Workers at the Ministry of Trans-portation and Communications (MOTC) have been busy packing things over the past few weeks in preparation for moving to a new office on Renai Road in Taipei on Saturday.
Staffers are still working in the old office on Changshan Street, which is located behind the Presidential Office.
Starting on Monday, however, they will be working at the new building.
However, the Department of Cultural Affairs of the Taipei City Government has called the move illegal because the old transportation building is ranked as a third-tier historical site and the transport ministry did not report its intention to move.
"According to the Cultural Heritage Preservation Act (
Wang said that he had been unaware of the ministry's impending move until he was asked about it by the press.
Wang added that the old building has been used by the ministry since 1956.
As the functions of the building will be altered by the move, the ministry was required by law to provide notification to his department, Wang said.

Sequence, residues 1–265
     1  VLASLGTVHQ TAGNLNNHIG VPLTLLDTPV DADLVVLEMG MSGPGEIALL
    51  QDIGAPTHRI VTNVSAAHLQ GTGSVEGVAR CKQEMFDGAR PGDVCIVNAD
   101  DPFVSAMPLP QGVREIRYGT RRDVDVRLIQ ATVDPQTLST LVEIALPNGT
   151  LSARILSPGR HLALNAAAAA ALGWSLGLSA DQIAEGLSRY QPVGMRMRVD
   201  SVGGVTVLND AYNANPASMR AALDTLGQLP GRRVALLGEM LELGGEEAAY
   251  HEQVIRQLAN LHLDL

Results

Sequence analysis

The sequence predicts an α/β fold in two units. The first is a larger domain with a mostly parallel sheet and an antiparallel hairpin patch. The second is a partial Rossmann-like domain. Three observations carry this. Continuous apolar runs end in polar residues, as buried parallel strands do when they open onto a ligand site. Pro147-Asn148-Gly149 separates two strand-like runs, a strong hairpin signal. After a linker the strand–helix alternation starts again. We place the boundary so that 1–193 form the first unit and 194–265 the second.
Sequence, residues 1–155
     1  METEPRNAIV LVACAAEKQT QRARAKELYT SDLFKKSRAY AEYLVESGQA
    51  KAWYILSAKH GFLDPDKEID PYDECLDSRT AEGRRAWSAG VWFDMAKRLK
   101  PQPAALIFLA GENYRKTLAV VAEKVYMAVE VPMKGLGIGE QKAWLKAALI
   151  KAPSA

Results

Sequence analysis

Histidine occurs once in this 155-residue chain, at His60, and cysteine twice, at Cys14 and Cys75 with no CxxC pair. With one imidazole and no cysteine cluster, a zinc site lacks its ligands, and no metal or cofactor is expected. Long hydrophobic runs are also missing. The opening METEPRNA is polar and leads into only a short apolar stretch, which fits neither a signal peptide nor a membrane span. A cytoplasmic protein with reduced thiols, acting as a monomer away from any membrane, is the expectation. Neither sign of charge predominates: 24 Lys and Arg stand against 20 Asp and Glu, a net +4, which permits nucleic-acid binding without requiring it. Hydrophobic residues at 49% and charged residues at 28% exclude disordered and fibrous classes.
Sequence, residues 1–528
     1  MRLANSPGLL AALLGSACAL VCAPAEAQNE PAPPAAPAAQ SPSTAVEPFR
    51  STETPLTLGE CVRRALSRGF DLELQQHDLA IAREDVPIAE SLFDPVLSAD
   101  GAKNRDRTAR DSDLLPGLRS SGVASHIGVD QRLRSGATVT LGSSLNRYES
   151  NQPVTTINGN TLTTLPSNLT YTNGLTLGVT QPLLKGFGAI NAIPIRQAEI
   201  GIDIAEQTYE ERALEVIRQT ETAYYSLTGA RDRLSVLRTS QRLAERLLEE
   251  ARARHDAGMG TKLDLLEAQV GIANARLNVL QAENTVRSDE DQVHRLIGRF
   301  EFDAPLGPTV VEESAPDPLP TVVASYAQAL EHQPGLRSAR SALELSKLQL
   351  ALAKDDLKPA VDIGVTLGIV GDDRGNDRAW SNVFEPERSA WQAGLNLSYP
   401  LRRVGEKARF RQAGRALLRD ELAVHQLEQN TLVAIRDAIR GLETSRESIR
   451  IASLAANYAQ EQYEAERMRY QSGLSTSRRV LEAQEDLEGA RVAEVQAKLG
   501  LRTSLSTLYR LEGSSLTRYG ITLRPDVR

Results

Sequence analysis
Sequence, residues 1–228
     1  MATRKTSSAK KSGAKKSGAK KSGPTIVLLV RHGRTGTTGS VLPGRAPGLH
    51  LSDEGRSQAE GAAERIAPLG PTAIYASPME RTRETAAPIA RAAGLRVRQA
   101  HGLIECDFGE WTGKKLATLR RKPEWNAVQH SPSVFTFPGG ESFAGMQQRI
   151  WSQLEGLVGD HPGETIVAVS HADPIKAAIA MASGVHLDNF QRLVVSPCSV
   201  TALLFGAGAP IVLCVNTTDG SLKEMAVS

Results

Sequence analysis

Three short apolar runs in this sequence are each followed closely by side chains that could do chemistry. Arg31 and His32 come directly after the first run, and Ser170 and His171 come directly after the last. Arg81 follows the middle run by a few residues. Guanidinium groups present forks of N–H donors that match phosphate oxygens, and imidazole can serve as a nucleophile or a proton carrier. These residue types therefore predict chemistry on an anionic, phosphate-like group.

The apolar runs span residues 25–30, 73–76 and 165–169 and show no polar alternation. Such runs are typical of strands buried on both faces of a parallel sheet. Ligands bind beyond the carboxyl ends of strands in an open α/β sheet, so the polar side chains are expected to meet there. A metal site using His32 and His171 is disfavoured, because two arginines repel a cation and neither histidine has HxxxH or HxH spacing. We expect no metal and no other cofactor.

The department would dispatch specialists to the site to collect photographic evidence of the building before the next tenant uses it, he said.
The MOTC's Department of General Affairs said yesterday they had no knowledge of the regulation cited by Wang and considered the move a simple transfer of a national asset from one government building to another.
After the ministry leaves, the Academia Historica will take over the old transportation building.
Hsueh Chin (薛琴), a professor of architecture at Chung Yuan Christian University and a specialist responsible for the restoration work on the Presidential Office, said the Academia Historica has no budget to repair the building.
According to Hsueh, the building was originally painted in beige rather than the present gray.
Two new floors were built above the original building during the administration of former transportation minister Kao Yu-shu (
Records at the Department of Cultural Affairs indicated that the transportation building was used as a mail delivery facility during the colonial era.
Moriyama Mastunosuke, an official with the colonial government, was believed to be the mastermind behind the building's construction and to have also overseen the building of the Presidential Office and the Taiwan Tobacco and Liquor Corp building.